Bolt is related to complimentary projects in the python + big data space, but aims to play a unique role.
Dask is a complementary and exciting project that offers an alternative task scheduler / parallel execution engine to Spark. It also provides an ndarray interface through dask.array that runs on top of that engine. Dask initially targeted single-machine multi-core workflows but has recently added support for clusters. It’s more mature, and currently has a lot of functionality that Bolt doesn’t. At the same time, as Bolt’s distributed array is backed by Spark, it’s currently powered by a more mature distributed engine. For now, the answer of “which to use” will surely depend on a combination of compute resources, time constraints, and the nature of the problem. We are working to accurately quantify this space, and it’s likely there are use cases in which each have advantages! Also worth reading the discussion here.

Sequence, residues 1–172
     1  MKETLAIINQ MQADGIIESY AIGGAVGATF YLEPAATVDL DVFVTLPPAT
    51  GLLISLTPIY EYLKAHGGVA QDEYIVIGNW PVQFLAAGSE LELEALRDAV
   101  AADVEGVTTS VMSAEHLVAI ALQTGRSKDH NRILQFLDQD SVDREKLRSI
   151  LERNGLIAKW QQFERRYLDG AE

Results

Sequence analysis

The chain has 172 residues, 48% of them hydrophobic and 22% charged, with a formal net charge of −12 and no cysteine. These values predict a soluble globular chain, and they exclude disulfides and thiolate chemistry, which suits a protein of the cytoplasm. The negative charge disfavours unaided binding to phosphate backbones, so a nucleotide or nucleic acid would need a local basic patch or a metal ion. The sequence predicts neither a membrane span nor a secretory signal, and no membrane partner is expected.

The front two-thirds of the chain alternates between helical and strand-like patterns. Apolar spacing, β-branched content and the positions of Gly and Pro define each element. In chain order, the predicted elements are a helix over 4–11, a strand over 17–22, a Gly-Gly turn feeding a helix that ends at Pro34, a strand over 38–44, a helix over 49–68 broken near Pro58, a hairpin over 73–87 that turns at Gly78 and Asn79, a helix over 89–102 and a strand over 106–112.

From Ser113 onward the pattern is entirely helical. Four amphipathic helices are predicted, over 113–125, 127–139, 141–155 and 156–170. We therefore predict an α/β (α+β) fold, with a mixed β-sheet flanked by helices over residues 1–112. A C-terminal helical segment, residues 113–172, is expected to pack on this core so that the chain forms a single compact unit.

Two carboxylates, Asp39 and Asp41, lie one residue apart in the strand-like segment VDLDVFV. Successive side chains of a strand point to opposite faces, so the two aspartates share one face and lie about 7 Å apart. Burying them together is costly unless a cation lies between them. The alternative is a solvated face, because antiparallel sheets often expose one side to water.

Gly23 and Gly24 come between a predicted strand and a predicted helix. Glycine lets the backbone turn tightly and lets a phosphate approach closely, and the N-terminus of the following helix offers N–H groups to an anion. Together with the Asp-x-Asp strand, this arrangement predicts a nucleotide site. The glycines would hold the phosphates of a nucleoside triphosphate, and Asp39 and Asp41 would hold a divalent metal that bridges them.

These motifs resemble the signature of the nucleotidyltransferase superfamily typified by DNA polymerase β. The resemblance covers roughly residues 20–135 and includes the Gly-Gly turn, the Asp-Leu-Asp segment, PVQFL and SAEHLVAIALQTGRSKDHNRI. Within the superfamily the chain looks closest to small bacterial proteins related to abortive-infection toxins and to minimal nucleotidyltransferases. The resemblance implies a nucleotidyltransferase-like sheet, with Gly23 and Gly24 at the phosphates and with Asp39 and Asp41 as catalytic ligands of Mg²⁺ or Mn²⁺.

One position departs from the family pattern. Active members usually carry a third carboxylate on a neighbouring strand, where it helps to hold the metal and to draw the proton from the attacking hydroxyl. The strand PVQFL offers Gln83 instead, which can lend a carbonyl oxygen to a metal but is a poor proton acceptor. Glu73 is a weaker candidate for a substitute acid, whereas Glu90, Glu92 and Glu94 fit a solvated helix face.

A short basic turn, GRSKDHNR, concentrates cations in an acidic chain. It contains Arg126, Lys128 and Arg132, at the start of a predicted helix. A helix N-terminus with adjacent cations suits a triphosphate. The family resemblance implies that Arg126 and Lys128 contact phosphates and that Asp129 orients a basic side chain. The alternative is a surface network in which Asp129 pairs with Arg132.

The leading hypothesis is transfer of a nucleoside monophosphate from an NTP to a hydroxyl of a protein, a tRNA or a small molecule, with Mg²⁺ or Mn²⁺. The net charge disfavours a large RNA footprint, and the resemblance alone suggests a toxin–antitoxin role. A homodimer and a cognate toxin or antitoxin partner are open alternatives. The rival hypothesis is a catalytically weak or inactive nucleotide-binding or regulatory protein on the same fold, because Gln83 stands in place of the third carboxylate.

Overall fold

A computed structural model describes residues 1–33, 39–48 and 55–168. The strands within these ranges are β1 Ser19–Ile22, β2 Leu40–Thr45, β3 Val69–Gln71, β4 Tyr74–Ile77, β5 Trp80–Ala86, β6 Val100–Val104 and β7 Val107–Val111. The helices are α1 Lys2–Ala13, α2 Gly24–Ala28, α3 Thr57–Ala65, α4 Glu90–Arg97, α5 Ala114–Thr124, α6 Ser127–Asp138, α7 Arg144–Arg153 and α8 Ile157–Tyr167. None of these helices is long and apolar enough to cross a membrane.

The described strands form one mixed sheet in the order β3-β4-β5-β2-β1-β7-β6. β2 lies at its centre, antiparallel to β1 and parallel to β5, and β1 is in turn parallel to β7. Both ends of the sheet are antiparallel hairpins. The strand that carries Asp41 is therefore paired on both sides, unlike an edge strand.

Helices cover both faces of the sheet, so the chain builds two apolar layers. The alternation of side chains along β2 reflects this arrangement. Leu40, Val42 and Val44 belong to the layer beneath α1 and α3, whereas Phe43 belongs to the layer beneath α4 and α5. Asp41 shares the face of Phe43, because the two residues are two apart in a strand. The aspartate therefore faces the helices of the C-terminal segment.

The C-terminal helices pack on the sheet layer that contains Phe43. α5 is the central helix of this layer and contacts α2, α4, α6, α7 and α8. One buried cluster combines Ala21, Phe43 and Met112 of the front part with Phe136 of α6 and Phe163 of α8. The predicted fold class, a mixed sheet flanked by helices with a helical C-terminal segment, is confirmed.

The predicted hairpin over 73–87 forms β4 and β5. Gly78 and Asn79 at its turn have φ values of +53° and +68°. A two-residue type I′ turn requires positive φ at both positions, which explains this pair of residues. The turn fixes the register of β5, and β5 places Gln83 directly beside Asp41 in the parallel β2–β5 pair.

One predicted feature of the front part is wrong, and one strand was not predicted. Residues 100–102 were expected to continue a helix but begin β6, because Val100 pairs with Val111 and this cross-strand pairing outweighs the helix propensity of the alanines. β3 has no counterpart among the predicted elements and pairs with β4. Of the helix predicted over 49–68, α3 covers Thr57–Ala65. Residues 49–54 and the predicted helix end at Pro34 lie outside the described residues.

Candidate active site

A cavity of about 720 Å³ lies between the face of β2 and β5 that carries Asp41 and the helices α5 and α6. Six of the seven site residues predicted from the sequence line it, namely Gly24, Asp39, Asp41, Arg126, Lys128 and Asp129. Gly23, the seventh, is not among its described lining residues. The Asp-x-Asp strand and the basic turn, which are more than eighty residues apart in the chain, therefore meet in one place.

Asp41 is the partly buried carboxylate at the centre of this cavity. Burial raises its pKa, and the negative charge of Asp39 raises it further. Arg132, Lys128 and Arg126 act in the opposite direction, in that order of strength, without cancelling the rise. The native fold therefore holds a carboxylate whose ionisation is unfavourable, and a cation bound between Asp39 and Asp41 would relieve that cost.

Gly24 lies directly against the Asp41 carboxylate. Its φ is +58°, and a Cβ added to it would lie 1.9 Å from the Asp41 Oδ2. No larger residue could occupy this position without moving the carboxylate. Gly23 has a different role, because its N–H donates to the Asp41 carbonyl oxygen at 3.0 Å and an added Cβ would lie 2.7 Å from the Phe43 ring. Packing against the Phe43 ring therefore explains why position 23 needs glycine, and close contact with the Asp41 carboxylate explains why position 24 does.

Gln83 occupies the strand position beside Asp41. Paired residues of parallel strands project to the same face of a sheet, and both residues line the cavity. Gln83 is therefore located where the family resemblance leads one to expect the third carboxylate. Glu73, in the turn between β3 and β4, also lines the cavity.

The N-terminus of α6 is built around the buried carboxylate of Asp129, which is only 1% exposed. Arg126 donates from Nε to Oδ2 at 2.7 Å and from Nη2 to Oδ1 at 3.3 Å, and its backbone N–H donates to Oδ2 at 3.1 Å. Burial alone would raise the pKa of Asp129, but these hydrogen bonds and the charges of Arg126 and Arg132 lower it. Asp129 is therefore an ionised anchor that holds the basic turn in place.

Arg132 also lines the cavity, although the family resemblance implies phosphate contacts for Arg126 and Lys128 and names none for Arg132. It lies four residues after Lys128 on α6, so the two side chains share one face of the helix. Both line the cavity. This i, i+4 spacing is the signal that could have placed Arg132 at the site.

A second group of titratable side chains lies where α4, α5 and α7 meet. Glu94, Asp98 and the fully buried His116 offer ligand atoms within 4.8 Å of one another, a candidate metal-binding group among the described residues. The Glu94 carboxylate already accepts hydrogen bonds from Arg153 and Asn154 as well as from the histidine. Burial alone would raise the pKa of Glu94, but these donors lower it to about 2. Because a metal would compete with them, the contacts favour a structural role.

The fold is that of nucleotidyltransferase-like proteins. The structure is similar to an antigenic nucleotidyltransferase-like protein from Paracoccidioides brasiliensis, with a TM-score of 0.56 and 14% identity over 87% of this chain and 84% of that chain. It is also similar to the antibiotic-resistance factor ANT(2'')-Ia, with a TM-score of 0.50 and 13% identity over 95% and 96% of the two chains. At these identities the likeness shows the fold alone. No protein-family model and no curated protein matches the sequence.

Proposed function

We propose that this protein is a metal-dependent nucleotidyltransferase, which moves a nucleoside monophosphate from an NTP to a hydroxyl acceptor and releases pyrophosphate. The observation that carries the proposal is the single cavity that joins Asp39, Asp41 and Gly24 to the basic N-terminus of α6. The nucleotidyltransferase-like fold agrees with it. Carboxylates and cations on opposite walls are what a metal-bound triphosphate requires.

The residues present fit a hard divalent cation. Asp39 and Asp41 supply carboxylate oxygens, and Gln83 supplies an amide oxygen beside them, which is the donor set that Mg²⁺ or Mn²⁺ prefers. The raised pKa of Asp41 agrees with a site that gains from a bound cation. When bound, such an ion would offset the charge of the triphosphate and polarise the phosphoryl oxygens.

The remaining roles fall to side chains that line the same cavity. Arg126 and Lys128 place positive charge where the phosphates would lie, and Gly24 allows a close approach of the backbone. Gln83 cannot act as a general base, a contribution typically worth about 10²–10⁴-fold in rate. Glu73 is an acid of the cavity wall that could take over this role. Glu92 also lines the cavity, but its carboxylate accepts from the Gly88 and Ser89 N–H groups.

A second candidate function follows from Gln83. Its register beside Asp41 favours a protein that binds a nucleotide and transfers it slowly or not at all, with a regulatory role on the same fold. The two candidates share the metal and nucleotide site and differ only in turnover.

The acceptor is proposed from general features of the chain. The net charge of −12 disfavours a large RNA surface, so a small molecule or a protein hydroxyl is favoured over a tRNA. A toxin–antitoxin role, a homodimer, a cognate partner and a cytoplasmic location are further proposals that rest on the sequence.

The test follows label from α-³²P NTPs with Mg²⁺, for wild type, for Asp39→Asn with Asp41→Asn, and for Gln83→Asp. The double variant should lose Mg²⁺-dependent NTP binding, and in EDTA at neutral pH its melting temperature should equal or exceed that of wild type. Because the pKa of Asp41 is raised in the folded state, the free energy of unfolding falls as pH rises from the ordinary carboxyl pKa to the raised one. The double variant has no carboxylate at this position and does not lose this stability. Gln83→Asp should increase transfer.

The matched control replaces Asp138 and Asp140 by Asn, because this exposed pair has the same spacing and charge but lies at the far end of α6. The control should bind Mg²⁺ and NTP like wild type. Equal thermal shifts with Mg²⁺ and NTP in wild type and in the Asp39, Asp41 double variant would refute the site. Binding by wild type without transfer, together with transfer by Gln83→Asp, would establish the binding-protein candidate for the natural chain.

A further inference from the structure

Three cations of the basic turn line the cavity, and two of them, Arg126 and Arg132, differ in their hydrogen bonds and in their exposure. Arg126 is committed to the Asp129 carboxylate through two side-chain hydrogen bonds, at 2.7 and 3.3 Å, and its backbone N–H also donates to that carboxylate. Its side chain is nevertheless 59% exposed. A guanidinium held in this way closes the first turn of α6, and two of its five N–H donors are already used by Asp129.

Spark itself has introduced a DataFrame API with Python bindings, which similarly enhances the RDD interface to be more data science friendly, but does not provide straightforward ndarray functionality. In some ways, our efforts here are similar but for ndarrays instead of DataFrames.
Blaze, another related Python project, is more abstract and more ambitious, aiming to provide a common interface to a wide variety of data structures and backends. But in practice, we found it very difficult to achieve the ndarray-focused functionality we wanted here, and Spark integration was limited.
As mentioned in motivation, several other Python projects have implemented aspects of ndarray-style operations on Spark RDDs, including Thunder (for image and time series processing) and spylearn and sparkit-learn (for machine learning). We aim for a more general interface on which such projects could build.